The edible part of the asparagus is the young, fast growing shoots or spears. Female plants produce berries - these immature green berries ripen to red when mature.
Garden asparagus is an erect herbaceous perennial that emerges with several stems in early spring from a tuberous, matted rootstock. The much branched stems and branchlets are ringed with clusters of thin, hairlike structures called cladophylls, giving the plant an overall feathery appearance. The true leaves (if you can find them at all) are tiny and scalelike, and are best observed on the newly emerging shoots. Asparagus usually grows 3-5 ft (1-1.5 m) tall. Small drooping flowers in clusters of 1-4 appear in late spring. Female plants produce bright red berries in summer. Several cultivated varieties of asparagus have been derived from the original wild plants. The old standard, 'Mary Washington', is still a popular cultivar for the home garden, but there are some newer ones that may be better suited for specific climates and soil types. Male plants are preferred because they spend the growing season developing strong root crowns for next season's spring flush, rather than expending energy on fruit development.
Location Asparagus officinalis hails from coastal areas of the eastern Mediterranean region in Europe, Asia and North Africa. Asparagus has escaped from cultivation in many areas and can be found growing wild in waste places.
Since asparagus is a perennial, it should not be disturbed once established. Regular weeding and fertilizing will be required. Light: Asparagus, unlike most garden vegetables, can tolerate partial shade. In cool climates, full sun is best. Moisture: Regular watering insures good growth. Hardiness: USDA Zones 4-8. The best quality asparagus is harvested when night temperatures are in the mid 60's F (around 18 C), and daytime highs are in the 80's F (around 29 C). Moderate summer temperatures allow the plants to develop strong crowns which will give birth to next spring's shoots. Asparagus must go dormant in the winter and will not produce good crops in mild winter climates. I have had a patch of asparagus in my Zone 8B garden for more than 15 years and it has never produced enough spears to make a serving. The summers are just too hot and humid, and the winters too mild. Propagation: Asparagus for the home garden and for commercial fields is usually propagated from root crowns which were grown from seed in commercial asparagus nurseries. The crowns are more than a year old when planted out about 18 in (45 cm) apart in rows about 5 ft ( 1.5 m) apart. Set the crowns in furrows 6-8 in (15-20 cm) deep and cover with 2-3 in (5-7.5 cm) of soil. As the plants grow, gradually fill in the furrows. New asparagus plantings should be allowed to become well established for a couple years before harvesting. You will need 10-20 plants per person.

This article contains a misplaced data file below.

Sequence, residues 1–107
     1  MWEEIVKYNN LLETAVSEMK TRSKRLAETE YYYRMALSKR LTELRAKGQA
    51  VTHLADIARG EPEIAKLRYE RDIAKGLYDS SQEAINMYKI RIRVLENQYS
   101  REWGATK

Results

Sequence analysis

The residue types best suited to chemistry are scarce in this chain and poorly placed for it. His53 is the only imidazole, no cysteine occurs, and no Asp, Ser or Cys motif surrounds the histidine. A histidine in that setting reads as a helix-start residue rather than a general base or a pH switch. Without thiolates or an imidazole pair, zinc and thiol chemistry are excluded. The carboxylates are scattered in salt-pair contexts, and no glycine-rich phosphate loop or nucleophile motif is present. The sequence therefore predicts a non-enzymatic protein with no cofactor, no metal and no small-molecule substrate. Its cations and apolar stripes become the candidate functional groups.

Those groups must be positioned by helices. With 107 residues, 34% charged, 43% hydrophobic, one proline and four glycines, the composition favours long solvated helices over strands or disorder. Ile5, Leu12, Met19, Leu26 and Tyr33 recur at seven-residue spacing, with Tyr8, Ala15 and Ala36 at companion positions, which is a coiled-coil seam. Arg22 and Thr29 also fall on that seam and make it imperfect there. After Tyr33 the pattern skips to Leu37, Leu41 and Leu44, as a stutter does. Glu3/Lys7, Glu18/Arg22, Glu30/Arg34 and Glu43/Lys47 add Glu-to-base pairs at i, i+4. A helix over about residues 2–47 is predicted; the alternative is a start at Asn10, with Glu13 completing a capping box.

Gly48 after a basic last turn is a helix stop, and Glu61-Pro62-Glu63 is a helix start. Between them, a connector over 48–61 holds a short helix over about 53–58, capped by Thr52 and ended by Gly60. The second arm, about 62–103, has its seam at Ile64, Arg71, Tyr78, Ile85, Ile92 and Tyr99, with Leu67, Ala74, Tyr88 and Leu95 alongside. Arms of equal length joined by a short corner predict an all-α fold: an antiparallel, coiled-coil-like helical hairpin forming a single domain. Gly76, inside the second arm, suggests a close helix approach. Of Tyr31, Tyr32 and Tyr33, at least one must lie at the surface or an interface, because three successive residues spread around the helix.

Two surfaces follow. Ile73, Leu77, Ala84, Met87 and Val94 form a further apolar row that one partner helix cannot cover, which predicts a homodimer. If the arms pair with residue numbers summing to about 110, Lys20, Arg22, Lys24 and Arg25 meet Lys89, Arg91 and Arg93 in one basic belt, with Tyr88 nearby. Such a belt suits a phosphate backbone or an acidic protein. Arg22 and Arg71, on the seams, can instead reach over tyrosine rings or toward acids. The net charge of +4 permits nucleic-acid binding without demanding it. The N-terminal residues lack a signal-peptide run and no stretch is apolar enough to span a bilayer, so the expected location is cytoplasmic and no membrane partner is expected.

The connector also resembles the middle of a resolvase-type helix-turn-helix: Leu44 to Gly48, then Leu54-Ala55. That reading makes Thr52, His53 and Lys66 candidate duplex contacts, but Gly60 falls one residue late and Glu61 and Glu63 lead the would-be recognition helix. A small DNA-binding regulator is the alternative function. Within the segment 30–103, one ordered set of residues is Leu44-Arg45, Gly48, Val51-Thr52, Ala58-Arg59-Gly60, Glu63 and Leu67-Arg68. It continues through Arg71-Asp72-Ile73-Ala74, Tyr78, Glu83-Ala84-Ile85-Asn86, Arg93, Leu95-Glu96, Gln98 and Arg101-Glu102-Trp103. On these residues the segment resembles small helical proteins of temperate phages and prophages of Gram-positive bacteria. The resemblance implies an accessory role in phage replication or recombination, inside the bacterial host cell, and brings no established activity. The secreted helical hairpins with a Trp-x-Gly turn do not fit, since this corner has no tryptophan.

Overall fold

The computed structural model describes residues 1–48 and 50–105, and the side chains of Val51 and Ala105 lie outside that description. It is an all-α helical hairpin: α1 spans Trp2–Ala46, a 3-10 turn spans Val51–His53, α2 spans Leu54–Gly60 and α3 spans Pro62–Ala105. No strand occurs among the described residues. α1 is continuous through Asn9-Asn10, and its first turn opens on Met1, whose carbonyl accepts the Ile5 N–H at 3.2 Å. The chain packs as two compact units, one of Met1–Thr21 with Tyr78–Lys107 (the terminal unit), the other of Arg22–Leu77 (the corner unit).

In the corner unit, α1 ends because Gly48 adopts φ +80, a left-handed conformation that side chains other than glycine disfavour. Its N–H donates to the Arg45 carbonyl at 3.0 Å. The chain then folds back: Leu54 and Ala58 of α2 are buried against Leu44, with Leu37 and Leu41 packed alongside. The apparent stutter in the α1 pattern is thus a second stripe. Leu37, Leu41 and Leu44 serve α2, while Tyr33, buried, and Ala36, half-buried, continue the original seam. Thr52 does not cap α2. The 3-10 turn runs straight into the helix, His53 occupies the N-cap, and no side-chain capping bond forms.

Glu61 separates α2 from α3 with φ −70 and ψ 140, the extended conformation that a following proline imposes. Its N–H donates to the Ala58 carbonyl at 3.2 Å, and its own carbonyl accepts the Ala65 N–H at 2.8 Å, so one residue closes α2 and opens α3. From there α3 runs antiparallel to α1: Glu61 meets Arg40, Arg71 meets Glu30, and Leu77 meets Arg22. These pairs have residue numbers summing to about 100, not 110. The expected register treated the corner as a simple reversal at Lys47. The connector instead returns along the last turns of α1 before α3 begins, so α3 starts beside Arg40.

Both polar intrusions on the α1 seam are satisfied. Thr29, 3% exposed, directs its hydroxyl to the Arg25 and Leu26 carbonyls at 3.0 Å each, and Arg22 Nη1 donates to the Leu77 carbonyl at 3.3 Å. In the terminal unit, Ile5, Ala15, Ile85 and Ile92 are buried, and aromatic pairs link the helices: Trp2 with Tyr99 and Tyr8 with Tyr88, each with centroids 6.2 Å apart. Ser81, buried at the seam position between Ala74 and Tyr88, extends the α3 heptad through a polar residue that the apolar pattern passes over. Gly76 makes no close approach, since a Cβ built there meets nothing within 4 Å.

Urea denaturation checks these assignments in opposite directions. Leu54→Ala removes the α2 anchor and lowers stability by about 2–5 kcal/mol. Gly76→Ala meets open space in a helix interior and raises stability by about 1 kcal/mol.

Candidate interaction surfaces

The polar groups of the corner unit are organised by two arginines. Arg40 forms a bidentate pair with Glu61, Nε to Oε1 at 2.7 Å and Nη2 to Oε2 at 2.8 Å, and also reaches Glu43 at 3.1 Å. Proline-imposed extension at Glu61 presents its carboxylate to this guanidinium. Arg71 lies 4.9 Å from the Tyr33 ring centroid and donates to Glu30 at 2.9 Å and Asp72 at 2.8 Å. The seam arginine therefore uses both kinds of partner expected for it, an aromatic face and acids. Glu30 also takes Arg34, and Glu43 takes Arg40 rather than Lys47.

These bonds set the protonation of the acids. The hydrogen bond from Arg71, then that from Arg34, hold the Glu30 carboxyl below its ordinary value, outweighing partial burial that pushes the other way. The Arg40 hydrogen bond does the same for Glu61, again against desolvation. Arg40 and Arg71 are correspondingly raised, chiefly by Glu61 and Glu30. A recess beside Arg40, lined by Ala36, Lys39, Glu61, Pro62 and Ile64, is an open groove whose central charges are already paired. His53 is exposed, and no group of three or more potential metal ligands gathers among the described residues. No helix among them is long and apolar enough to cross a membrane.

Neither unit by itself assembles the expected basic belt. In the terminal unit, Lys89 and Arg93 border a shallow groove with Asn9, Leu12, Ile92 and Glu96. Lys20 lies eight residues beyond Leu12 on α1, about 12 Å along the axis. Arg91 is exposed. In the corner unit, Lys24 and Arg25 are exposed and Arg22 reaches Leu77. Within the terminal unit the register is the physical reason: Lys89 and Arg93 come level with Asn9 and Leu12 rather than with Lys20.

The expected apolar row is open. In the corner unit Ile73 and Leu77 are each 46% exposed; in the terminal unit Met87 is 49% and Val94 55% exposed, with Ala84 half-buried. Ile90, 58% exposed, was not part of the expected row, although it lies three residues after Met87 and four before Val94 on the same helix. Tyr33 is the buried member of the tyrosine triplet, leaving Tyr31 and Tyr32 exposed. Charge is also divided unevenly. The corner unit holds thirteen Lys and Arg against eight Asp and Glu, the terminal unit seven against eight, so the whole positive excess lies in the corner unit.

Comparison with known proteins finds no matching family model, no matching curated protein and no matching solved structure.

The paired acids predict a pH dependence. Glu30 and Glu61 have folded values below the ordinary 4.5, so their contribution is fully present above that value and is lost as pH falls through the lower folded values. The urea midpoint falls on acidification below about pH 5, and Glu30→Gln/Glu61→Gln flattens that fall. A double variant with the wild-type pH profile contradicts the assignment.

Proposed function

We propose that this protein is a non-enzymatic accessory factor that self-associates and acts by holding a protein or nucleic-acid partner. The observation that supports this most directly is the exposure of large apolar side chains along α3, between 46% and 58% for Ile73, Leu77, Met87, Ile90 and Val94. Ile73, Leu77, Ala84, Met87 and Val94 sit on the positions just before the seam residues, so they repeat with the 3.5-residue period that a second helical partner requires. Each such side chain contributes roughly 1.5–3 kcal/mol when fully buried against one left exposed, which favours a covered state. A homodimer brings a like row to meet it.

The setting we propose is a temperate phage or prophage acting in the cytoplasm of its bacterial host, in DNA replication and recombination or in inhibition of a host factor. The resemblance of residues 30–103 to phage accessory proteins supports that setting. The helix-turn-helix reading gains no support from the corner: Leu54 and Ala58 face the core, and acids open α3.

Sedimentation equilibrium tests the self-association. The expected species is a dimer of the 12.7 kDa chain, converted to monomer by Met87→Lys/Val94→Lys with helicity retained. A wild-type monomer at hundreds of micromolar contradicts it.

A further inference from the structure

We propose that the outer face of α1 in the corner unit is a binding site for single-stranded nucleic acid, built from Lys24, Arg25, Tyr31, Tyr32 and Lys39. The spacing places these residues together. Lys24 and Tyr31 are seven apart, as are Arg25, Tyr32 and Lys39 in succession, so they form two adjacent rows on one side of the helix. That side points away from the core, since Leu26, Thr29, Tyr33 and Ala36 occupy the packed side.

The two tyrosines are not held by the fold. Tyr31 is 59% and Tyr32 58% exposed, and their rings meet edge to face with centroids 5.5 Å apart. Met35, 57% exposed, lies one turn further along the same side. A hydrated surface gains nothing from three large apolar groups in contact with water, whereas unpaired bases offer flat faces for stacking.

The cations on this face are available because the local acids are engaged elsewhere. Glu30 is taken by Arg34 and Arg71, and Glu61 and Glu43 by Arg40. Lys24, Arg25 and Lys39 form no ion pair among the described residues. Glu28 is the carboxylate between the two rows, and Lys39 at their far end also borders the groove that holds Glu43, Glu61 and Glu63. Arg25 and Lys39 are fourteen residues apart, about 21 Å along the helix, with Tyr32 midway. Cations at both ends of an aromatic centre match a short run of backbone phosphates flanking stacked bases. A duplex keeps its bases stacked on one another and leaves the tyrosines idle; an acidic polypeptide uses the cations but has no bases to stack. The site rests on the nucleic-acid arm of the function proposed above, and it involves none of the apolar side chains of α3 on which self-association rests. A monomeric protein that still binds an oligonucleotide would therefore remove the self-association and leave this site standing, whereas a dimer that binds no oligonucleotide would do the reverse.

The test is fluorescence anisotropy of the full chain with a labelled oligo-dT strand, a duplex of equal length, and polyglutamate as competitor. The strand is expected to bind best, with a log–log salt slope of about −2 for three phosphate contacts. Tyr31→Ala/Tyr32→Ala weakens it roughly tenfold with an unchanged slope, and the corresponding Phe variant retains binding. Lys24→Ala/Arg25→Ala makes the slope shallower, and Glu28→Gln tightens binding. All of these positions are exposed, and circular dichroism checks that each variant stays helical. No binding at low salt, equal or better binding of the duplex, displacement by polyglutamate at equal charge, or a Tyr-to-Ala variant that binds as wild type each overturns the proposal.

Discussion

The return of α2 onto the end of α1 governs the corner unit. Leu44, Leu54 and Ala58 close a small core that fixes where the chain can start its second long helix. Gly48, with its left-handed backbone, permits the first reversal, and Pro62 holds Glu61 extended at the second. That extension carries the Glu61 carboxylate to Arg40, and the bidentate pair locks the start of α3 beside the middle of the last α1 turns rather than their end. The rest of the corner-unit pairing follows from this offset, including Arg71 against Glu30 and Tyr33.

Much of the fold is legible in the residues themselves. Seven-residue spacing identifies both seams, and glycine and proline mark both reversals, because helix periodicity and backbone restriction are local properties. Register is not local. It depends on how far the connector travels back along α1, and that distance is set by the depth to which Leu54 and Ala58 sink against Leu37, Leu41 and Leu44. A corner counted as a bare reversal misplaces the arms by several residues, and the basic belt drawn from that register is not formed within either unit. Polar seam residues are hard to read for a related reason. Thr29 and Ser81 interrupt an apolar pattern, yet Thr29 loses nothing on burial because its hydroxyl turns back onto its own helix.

In summer, the asparagus patch is a cloud of feathery green foliage.
Garden asparagus is grown for the delicious shoots that emerge from the root crowns in spring. These are harvested by cutting off the spears at or slightly below ground level. The harvest period can extend for several weeks, but must eventually be halted to allow the plants to grow during the summer and store carbohydrates for next year's crop. Take only spears that are thicker than a pencil and stop harvesting when most are thinner than that. Asparagus is sometimes blanched by piling soil or mulch over the shoots and cutting them off below grade when the tips first appear. The frilly foliage is fine for formal flower arrangements.
There are abut 300 species in the lily family genus Asparagus. These include herbaceous perennials, woody vines and even shrubs, but all share the feathery look with their green branchlets and frilly cladophyls. Several species are grown as ornamentals, including one called asparagus fern (A. densiflorus).